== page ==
In order to insure that the tube is maintained within the body of a fluid or liquid to be tested, a suitable weight 20 may be employed. The weight can be at-,
tached to a ring 21 adapted to freely slide over the surface of the tube 10 and thus insure that the main body of the tube is formed with a U-shape within the liquid.
In operation the tube will be placed into a vessel containing a liquid to be measured whereby the tube will take a U-shape with float F resting on top of the liquid. The mercury pool 18 will then seek the bottom of the U and the meter M will indicate an initial reference or can be adjusted to read zero as may be desired. As the level of the liquid changes, the height of float F will also change to the same height as that of the top of the liquid level. Correspondingly, it will be seen that, as the position of the float changes, the position of the U- portion of the tube will also change. Likewise, as the U-portion of the tube changes, the mercury pool will change in seeking the lowest level within the tube.
The voltmeter indicator reading will vary in accordance with the relative position of the mercury pool within the tube. The closer the mercury pool within the tube is to the float the lower will be the meter reading and, conversely, the further away the pool is from the float the higher the meter reading. Thus, the device can be used to indicate or measure the level, volume, etc. of a fluid in a vessel depending upon the calibration of the voltmeter.
It will be appreciated that, to insure against faulty readings, the resistance wire 15 and bare second conductor 16 must be separated or insulated from each other. Such separation can be obtained by a variety of means as illustrated in FIGS. 3 and 4. I
As shown in FIG. 3, the resistance wire and second conductor may be held in separated or spaced relationship within the tube'by a plurality of insulators 22 disposed at spaced points between the two wires. The modification of FIG. 4 contemplates a non-conductive tape type carrier for the wires wherein the wires are disposed on opposite sides of the tape.
Having described the invention and certain exemplary embodiments thereof, the same is only intended to be limited by the scope of the following claims.
1. A device for detecting the level of a liquid within a vessel comprising:
a. a flexible tube of sufficient length whereby there is continuouslyformed a freely movable, vertically extending, upwardly operating U-portion beneath the surface of the liquid from the highest to substantially the lowest level of the liquid, wherein one side of said U-portion will extend to substantially the surface of the liquid and the other side will extend above the surface of the liquid,
b. the end on said one side of said tube extending substantially to the surface of the liquid and being attached to an element adapted to float on the surface of said liquid,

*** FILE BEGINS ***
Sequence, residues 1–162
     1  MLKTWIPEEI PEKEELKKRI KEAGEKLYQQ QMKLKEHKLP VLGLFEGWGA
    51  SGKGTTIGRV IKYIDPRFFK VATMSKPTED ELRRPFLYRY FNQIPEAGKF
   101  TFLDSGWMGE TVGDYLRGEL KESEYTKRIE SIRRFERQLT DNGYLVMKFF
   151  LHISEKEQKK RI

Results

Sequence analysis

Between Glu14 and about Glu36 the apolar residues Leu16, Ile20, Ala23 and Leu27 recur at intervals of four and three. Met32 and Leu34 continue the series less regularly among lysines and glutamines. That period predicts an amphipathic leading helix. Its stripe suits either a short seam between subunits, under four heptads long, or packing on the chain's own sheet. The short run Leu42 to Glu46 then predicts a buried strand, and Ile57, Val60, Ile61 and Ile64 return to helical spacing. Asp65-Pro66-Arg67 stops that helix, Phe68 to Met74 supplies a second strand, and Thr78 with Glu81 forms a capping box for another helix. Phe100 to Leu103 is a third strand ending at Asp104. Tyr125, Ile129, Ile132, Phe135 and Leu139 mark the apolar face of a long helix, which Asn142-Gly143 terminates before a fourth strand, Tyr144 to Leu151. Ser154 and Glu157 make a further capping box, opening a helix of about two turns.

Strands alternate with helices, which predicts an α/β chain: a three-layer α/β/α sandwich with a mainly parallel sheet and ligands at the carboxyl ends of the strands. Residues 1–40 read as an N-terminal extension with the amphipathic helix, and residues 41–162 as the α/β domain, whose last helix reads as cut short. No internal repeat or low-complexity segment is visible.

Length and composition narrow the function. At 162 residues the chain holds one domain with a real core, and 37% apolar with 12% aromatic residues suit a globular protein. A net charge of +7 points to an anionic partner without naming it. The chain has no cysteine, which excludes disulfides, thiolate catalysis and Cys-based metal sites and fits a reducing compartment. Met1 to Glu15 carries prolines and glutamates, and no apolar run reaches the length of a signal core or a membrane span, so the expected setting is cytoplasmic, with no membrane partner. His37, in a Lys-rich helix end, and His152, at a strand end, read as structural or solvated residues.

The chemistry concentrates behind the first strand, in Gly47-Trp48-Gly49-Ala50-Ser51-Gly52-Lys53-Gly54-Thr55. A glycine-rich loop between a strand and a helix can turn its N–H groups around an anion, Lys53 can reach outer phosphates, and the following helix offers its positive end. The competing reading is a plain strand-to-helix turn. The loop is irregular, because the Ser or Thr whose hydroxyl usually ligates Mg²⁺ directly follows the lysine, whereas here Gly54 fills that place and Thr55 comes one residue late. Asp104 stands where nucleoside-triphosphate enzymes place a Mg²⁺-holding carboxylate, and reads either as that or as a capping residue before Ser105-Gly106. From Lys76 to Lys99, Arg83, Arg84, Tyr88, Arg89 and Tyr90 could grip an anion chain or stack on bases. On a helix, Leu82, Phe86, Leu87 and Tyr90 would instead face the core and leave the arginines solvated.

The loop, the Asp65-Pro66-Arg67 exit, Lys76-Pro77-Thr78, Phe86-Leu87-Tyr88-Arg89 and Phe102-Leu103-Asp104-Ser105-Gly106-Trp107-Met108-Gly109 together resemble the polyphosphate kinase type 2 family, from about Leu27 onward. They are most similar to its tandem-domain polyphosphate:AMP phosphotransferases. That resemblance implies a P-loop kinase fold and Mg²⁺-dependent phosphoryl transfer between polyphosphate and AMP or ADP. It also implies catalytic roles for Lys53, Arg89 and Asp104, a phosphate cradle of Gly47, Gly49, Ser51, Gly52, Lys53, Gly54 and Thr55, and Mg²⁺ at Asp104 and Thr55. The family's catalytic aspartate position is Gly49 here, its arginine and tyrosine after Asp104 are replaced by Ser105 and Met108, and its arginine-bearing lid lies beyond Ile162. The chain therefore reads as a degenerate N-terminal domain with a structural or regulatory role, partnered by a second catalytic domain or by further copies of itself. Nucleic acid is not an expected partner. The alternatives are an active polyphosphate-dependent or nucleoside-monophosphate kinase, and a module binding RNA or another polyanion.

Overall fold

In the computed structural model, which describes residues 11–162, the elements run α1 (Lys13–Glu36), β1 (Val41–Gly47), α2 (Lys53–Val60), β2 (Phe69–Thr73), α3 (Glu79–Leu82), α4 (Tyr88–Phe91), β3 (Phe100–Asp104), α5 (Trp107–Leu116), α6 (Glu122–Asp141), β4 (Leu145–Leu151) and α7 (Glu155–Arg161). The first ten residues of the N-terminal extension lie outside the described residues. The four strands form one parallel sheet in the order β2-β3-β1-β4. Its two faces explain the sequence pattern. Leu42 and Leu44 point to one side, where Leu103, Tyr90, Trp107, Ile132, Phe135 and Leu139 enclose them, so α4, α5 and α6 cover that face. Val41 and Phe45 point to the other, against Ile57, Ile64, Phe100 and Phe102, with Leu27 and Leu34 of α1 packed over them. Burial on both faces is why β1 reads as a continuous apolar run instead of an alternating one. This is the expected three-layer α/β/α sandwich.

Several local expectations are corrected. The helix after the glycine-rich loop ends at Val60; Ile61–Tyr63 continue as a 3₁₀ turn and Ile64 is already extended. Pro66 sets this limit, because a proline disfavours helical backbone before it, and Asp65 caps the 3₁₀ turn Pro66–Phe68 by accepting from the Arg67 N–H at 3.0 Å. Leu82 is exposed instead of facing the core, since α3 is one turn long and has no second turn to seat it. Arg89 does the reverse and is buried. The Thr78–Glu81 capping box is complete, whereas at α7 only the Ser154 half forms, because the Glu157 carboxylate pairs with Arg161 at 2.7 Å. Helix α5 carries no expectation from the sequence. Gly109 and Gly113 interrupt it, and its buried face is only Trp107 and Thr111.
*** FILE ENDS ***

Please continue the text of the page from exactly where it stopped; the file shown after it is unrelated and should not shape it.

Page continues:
c. a resistance wire disposed within and extending substantially the length of said tube,
d. a first conductor disposed within and extending substantially the length of said tube and insulated from said resistance wire,
e. said first conductor and resistance wire being connected at their inner ends within said tube,
f. a second conductor disposed within and extending substantially the length of said tube and insulated from contact with said resistance wire and said first conductor,
g. a pool of mercury within said tube in contact with both said resistance wire and said second conductor and freely movable throughout the length of said tube,
h. said resistance wire and said first conductor being connected through the other end of the tube in a circuit with a source of power external of said tube,
i. a voltmeter disposed in parallel across said resistance wire through said second conductor and said mercury pool, whereby the indicator of said voltmeter will be directly affected in accordance with the location of the mercury pool within said tube,
j. a slidable means around the tube, which means in thereof is closed with a stopper provided with an air vent.
4. A device as described in claim 1 wherein said resistance wire and said conductor are attached to said floating element.
5. A device as described in claim 1 wherein said resistance wire and said second conductor are held in substantially parallel relationship through the tube by means of a plurality of spaced insulators.
6. A device as described in claim 1 wherein said resistance wire and said second conductor are disposed in opposite sides of a non-conductive strip.
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|US1819849 *||Mar 29, 1926||Aug 18, 1931||Cameron A Whitsett||Gasoline gauge for automobiles|
|US2023748 *||May 16, 1934||Dec 10, 1935||Honeywell Regulator Co||Electrical resistance apparatus|
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|Citing Patent||Filing date||Publication date||Applicant||Title|
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|EP0168842A2 *||Oct 30, 1981||Jan 22, 1986||Atlantic Richfield Company||Float apparatus and method for determining leaks using the apparatus|
|U.S. Classification||73/313, 338/33|
|International Classification||G01F23/36, G01F23/44, G01F23/68, G01F23/30|
|Cooperative Classification||G01F23/44, G01F23/36, G01F23/68|
|European Classification||G01F23/36, G01F23/44, G01F23/68|